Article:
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Saturday, January 22, 2022
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Parshat Beshalach

It seems that each time I review the story of Devorah HaNeviah, the prophetess Devorah, and the victory of Israel over the Canaanites, I learn new things or unveil a new concept that I had not understood before. Over the past five years I have commented on the many similarities between the events in the haftarah and those we read in the parsha. They share not only the victory over an oppressive enemy and the resultant song of victory with its praise to Hashem, but also the destruction of the enemy armies through their “entrapment” in the marshy ground, which made their many chariots ineffective. Likewise, both battles were fought upon the command by God to His prophets, both clashes left but one survivor (“lo nish’ar…ad echad”) and after both wars, a woman prophetess sang a “shira”—Miriam together with the women and Devorah together with her general, Barak. There are, of course, other parallels between the two stories, as the Gemara in Pesachim (118b) enumerates, but I was struck recently by a parallel that I had not previously realized.

“Aseh lahem…k’Sisra k’Yavin b’Nachal Kishon. Nishmidu b’ein dor, hayu domen la’adama.” The psalmist in Sefer Tehillim (83:11-12) turns to Hashem asking Him to defeat Israel’s enemies as He had done to Sisra and his king, Yavin. Given the miraculous victories that God had wrought for Israel over the years, I was curious as to why David HaMelech chose this war, the war fought by Devorah and Barak against the Canaanim, as a “model” of a complete victory for which he prayed. And it dawned upon me that this battle was the very last one that Bnei Yisrael were to fight against any of the local Canaanite tribes. It was a total victory that, as the final words of the haftarah indicate, provided for a 40-year era of peace. And, in this way as well, the saga of Devorah parallels the story in the parsha, for, after all, this too was a complete victory and was the very last battle that the Israelites would have to wage against the Egyptians for many years.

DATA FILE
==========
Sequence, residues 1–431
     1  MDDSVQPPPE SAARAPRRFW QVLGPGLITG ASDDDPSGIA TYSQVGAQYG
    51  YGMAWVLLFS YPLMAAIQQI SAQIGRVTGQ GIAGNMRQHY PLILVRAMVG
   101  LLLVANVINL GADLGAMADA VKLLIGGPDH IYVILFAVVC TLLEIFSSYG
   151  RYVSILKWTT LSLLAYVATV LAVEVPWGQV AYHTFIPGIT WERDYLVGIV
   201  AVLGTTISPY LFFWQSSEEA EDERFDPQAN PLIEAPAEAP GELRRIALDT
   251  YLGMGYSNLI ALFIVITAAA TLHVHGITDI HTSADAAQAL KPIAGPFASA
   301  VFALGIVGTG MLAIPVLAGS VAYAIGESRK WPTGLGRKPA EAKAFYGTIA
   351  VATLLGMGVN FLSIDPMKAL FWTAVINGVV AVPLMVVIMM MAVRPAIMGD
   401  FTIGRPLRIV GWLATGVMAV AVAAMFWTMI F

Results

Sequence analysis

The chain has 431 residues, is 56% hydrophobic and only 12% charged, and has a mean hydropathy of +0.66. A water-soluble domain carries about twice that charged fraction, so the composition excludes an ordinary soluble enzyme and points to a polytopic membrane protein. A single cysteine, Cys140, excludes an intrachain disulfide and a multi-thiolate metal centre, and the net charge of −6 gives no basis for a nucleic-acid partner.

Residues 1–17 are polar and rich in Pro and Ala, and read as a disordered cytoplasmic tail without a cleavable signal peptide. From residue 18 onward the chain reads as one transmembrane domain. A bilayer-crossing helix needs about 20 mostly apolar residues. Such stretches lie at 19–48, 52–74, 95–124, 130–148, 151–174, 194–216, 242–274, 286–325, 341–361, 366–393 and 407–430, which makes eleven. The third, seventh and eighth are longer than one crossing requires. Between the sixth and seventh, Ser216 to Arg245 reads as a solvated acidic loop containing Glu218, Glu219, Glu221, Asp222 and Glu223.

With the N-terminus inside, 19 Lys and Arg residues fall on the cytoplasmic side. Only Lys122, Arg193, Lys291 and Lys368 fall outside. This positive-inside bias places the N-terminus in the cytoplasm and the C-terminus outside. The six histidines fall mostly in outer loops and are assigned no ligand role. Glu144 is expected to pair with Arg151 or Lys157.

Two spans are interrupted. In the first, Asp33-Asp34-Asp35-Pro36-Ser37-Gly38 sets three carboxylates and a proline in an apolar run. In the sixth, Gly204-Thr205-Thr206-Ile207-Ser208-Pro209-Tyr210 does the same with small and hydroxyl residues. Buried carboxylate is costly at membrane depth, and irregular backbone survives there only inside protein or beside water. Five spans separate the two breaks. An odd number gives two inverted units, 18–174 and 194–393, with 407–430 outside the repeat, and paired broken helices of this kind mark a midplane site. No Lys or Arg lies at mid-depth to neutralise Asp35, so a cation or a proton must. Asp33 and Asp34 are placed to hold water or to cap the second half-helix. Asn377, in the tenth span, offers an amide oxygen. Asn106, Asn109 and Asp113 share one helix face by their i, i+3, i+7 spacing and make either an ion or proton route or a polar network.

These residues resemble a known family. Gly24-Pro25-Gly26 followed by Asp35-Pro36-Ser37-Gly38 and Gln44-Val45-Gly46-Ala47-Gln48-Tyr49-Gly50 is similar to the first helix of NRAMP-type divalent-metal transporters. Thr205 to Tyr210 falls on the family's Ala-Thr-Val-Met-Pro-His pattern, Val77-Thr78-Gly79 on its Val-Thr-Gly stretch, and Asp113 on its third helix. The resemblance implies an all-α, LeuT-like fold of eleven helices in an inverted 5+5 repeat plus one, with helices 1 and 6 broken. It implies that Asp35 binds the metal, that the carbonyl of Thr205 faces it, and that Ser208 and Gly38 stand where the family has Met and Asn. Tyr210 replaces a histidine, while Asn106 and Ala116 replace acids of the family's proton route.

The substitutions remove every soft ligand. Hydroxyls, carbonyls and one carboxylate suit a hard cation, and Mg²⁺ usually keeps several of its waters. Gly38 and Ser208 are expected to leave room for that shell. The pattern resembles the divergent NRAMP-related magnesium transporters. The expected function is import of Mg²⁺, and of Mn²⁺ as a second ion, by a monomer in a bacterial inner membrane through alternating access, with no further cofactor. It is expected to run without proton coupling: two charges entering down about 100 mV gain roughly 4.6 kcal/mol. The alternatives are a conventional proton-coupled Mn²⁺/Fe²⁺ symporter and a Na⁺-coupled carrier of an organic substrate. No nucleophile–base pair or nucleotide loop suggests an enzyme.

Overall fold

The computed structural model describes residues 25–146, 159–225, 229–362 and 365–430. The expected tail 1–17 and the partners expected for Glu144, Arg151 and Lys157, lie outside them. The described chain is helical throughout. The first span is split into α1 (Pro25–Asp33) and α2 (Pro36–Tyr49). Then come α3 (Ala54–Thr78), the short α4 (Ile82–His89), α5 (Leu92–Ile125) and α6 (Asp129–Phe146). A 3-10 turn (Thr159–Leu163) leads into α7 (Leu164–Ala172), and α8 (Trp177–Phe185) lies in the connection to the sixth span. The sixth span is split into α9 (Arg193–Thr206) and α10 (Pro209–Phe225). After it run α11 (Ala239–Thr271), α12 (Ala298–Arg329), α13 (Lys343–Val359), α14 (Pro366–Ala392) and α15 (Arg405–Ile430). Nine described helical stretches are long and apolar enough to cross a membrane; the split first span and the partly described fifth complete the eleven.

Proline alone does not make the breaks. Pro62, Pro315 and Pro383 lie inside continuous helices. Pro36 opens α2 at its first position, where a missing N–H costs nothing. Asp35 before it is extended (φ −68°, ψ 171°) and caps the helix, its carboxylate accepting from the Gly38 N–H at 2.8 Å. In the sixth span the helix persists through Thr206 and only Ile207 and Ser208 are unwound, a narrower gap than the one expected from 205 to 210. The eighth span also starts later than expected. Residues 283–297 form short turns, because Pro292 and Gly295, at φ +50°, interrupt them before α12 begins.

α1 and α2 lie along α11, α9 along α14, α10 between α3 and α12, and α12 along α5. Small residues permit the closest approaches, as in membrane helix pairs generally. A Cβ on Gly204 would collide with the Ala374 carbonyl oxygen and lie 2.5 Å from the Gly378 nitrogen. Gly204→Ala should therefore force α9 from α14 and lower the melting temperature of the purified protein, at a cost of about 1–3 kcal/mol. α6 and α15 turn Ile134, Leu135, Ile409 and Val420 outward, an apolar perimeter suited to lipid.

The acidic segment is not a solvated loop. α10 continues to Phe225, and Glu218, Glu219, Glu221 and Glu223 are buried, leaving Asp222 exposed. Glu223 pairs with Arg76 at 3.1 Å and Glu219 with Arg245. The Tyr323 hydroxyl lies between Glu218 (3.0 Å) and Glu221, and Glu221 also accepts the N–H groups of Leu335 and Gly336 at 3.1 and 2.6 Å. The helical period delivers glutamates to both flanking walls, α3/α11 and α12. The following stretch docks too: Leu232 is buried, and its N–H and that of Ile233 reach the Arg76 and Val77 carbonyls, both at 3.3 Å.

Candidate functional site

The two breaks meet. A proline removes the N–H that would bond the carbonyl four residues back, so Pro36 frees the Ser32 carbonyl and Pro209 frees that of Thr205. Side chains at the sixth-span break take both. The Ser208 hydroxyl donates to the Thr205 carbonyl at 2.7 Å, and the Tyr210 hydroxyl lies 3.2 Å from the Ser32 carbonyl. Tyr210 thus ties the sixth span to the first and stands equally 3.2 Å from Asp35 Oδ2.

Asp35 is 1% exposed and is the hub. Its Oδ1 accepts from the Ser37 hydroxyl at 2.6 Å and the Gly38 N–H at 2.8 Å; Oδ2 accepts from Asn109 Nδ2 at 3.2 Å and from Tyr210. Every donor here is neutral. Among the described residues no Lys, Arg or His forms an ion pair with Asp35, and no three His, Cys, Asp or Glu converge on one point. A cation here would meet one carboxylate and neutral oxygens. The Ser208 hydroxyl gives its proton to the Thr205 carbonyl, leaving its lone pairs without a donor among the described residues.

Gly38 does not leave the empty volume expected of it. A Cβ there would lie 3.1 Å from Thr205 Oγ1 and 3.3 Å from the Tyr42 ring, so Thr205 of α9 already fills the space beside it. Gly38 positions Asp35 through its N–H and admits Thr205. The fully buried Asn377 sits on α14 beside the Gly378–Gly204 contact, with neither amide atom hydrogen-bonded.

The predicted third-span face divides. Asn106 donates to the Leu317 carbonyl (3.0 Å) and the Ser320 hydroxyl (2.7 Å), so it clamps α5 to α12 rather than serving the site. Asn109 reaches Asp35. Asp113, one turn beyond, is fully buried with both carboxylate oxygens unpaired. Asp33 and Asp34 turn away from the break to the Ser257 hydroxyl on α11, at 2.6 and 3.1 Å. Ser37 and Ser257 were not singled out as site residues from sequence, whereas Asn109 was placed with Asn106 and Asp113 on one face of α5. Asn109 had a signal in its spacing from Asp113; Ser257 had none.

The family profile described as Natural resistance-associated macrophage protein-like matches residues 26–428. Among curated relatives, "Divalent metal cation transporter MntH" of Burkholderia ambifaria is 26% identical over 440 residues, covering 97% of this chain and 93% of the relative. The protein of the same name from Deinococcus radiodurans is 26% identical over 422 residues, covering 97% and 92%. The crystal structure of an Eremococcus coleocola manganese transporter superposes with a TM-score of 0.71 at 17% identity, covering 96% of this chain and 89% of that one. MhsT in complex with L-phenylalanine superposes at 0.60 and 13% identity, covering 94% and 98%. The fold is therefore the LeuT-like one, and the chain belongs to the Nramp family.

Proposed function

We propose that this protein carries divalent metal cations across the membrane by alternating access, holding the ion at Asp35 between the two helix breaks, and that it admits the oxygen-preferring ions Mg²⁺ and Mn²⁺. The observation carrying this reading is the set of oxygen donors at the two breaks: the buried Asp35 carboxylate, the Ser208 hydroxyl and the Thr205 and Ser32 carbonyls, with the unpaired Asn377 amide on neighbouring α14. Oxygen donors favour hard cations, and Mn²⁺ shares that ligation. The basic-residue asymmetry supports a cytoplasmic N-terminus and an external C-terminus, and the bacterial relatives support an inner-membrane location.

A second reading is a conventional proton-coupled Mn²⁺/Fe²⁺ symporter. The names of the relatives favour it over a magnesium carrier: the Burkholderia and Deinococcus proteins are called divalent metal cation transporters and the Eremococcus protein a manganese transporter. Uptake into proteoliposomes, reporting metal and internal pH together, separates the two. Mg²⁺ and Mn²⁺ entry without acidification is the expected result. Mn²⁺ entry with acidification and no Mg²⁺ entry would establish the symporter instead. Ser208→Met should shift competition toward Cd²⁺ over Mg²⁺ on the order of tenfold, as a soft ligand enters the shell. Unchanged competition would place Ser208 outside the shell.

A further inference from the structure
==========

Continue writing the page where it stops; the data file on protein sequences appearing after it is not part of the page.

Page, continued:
I would like to add, however, two differences between the two stories that are important to note. The newly freed slaves at the Yam Suf were incapable of facing the Egyptians. They cried out to Moshe that they preferred remaining slaves to the Egyptians than meeting their inevitable deaths in the desert. Their perception of their oppressors as still being their “masters” weakened any resolve they may have had to fight them. Moshe silenced their cries by reassuring them by saying: “Hashem yilachem lachem” (“Hashem will fight for you…”). Devorah, however, turns to her general, Barak, and directs him to gather an army from Yissachar and Zevulun, turning to all of the tribes with the call to join Barak in battle.

The difference between fighting their own war rather than having God fight for them may well have been due to the second difference I alluded to. The threat of Sisera and his army was not simply to control Israel and demand tribute and taxation from them. The perek in Tehillim makes it quite clear that their purpose was “nirsha lanu et neot Elokim, to conquer the ‘meadows’ of Hashem”—i.e., Eretz Yisrael! And when your own land, promised to you by Hashem, is threatened, you cannot sit idly by and say, as Moshe had to tell the nation, “Hashem yilachem lachem, God will fight for you.” No. It is not up to God alone to fight for your land. He will help you in battle but will not do so by Himself.

The essence of victory is man’s efforts and Hashem’s support. Hashem expected that of Devorah and Barak. Hashem expects no less from us!


Rabbi Neil Winkler is the rabbi emeritus of the Young Israel Fort Lee and now lives in Israel.

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